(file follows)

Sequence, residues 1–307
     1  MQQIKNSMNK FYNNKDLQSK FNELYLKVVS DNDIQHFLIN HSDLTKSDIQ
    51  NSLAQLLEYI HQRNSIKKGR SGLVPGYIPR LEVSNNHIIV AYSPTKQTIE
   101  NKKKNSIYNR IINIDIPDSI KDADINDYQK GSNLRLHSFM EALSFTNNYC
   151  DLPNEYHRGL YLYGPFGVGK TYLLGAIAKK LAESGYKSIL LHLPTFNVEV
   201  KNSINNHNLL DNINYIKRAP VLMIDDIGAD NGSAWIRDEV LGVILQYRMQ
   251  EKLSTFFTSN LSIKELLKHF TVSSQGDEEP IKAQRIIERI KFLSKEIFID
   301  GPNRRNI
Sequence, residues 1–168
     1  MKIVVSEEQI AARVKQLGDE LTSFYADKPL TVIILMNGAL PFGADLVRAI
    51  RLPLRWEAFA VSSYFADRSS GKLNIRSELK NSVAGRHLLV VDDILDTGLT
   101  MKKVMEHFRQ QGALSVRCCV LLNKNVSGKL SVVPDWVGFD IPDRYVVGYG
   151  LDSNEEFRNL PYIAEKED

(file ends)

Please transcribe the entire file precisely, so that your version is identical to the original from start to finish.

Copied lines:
Sequence, residues 1–307
     1  MQQIKNSMNK FYNNKDLQSK FNELYLKVVS DNDIQHFLIN HSDLTKSDIQ
    51  NSLAQLLEYI HQRNSIKKGR SGLVPGYIPR LEVSNNHIIV AYSPTKQTIE
   101  NKKKNSIYNR IINIDIPDSI KDADINDYQK GSNLRLHSFM EALSFTNNYC
   151  DLPNEYHRGL YLYGPFGVGK TYLLGAIAKK LAESGYKSIL LHLPTFNVEV
   201  KNSINNHNLL DNINYIKRAP VLMIDDIGAD NGSAWIRDEV LGVILQYRMQ
   251  EKLSTFFTSN LSIKELLKHF TVSSQGDEEP IKAQRIIERI KFLSKEIFID
   301  GPNRRNI
Sequence, residues 1–168
     1  MKIVVSEEQI AARVKQLGDE LTSFYADKPL TVIILMNGAL PFGADLVRAI
    51  RLPLRWEAFA VSSYFADRSS GKLNIRSELK NSVAGRHLLV VDDILDTGLT
   101  MKKVMEHFRQ QGALSVRCCV LLNKNVSGKL SVVPDWVGFD IPDRYVVGYG
   151  LDSNEEFRNL PYIAEKED